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March 06, 2017 06:41 PM UTC

"Ralph Carr Freedom Defense Act" Answers New Trump EO

  • 5 Comments
  • by: Colorado Pols
Gov. Ralph Carr (R).

A press release from the Colorado House Democratic majority late today, but still in time for the same news cycle as President Donald Trump’s revised executive order barring travel to the United States by persons from several Muslim majority nations–announcing the introduction of House Bill 17-1230, Ralph Carr Freedom Defense Act:

Reps. Joe Salazar and Daneya Esgar introduced a bill this afternoon that protects Coloradans against federal overreach targeting various Colorado communities and ensuring the state never has a repeat of its tragic history regarding Japanese internment during World War II.

“The Ralph Carr Freedom Defense Act protects Colorado’s state rights by ensuring Colorado does not aid or assist any federal overreach that would set up a registry for Muslims or other religious groups, create internment camps, or attempt to identify individuals by their race, religion, nationality, or immigration status and ethnicity—all of which go against our American and Colorado values and our U.S. and state Constitutions,” said Rep. Salazar, D-Thornton. “We’re not going to allow Colorado communities to be terrorized by federal overreach.” [Pols emphasis]

HB17-1230 is named after Republican Colorado Governor Ralph Carr, who in response to the 1942 Executive Order signed by President Franklin Delano Roosevelt vigorously opposed the creation of the Japanese internment camps in Colorado. He is remembered for courageously stating: “An American citizen of Japanese descent has the same rights as any other citizen…. If you harm them, you must first harm me.”

“The Ralph Carr Freedom Defense Act builds upon Carr’s legacy of using states’ rights to protect citizens from federal overreach,” said Rep. Esgar, D-Pueblo. “It was not that long ago that 7,318 Coloradans—mostly American citizens of Japanese descent—were forcibly imprisoned right here in our state. We cannot repeat that shameful period and we must reject any attempt to create a religious registry, create internment camps, or attempt to identify individuals by their race or ethnicity.”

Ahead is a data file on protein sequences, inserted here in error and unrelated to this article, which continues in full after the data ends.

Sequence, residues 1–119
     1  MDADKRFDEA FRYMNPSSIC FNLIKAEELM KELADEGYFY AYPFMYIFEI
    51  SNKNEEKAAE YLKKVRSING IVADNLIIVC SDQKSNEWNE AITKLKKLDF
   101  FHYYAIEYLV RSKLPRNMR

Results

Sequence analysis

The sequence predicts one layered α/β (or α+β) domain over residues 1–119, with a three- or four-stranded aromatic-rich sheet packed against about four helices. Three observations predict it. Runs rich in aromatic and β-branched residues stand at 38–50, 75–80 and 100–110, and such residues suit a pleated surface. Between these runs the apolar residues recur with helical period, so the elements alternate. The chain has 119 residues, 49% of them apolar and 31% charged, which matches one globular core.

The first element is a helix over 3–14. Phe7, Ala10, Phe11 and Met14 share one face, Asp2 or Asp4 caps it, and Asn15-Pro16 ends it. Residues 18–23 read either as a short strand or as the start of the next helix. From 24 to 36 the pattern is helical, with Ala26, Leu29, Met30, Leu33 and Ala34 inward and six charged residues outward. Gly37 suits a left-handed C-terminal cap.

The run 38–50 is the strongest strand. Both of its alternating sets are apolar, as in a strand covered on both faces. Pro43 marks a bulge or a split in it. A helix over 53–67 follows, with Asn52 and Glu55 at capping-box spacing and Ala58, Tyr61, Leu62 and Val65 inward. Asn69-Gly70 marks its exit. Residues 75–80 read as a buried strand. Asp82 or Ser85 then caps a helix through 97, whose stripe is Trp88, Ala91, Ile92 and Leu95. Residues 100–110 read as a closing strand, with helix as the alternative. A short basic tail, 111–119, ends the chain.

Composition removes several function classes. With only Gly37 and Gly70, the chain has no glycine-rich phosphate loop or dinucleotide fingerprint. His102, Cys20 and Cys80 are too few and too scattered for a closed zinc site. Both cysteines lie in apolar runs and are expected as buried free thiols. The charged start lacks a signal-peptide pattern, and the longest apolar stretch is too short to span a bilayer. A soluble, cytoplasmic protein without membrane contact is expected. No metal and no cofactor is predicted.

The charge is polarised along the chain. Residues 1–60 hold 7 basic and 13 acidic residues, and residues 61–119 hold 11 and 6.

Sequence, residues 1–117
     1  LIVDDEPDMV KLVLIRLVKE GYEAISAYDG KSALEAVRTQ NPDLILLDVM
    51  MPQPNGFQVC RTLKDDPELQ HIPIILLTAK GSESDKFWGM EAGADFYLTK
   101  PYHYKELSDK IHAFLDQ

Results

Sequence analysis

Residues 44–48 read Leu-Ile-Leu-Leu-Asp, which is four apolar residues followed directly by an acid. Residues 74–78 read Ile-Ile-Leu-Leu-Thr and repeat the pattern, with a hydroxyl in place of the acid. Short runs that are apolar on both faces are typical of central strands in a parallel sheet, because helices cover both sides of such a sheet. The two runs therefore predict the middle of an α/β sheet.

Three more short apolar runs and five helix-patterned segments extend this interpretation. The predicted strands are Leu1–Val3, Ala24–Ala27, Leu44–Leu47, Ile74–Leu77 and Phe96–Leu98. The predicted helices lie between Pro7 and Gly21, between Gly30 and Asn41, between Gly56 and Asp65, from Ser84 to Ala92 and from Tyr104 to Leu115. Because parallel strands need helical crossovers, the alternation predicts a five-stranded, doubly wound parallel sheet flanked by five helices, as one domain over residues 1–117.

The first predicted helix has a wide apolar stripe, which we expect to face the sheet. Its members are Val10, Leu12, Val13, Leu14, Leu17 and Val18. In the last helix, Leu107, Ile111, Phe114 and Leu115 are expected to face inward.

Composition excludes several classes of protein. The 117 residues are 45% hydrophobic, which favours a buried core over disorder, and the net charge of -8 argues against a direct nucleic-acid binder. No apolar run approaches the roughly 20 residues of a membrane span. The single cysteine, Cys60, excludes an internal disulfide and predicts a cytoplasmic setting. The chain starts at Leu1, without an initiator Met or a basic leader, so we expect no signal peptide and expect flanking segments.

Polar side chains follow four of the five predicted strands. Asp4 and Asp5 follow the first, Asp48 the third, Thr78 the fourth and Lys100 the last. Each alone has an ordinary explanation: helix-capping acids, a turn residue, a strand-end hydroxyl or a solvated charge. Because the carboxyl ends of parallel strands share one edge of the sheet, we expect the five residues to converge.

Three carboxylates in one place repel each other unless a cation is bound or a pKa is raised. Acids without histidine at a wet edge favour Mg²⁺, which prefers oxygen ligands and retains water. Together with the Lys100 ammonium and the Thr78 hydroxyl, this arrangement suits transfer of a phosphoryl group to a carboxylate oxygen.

In addition to the obvious message, what this legislation appears to be about is giving Colorado state and local governments a defense to avoid complicity in the commission of illegal acts–to include acts with the force of law that are not constitutional. President Trump’s new executive order, which may or may not have been sufficiently tailored to be “court proof,” makes this bill most timely–but it’s certainly not the only context in which it might apply. Depending on where you get your analysis, some of the possibilities are rather unpleasant to say the least.

With that said, the bill is certain to provoke lively debate on the way to passage in the Colorado House. In the GOP-controlled Senate its prospects are less certain, of course, but given the number if civil libertarian-minded Republicans out there who are increasingly reluctant to go along with the new party line, anything could hypothetically happen.

For today, it’s enough to observe that Gov. Ralph Carr (R) would be proud to see this bill.

Comments

5 thoughts on ““Ralph Carr Freedom Defense Act” Answers New Trump EO

  1. Representative Daneya Esgar continues to do Pueblo proud. You will see more from this young leader.

    To David T8's point, of course there are databases which track immigrants by type of status. It's what bureaucracies do. Nobody's proposing to stop that kind of tracking. Employers do need to know who can work legally in the US.

    But there's a huge difference between simple tracking – and requiring individuals to register their movements, employment, relationships, social media contacts, and any of the other myriad intrusions ("extreme vetting") proposed by TwitterDumb the 45th. For example Khizr Khan, the Gold Star father who spoke so movingly at the DNC, was just told that his "travel privileges are being reviewed", and hence he had to cancel a planned speaking engagement in Canada.

  2. While I'm thrilled about this bill, and I'm sure Gov. Carr would approve, let's not forget how Camp Amache came to be. Gov. Carr was fiercely against the imprisonment of legal U.S. citizens, but he decided that if they must happen, he wanted a facility here so that he could personally see to it that the internees were treated humanely. The white citizens of Colorado (the only ones with a voice at the time) were livid. They did not want those people hereHis stand for the civil rights of the internees cost him reelection. I wonder if our current governor or legislature would be so courageous?

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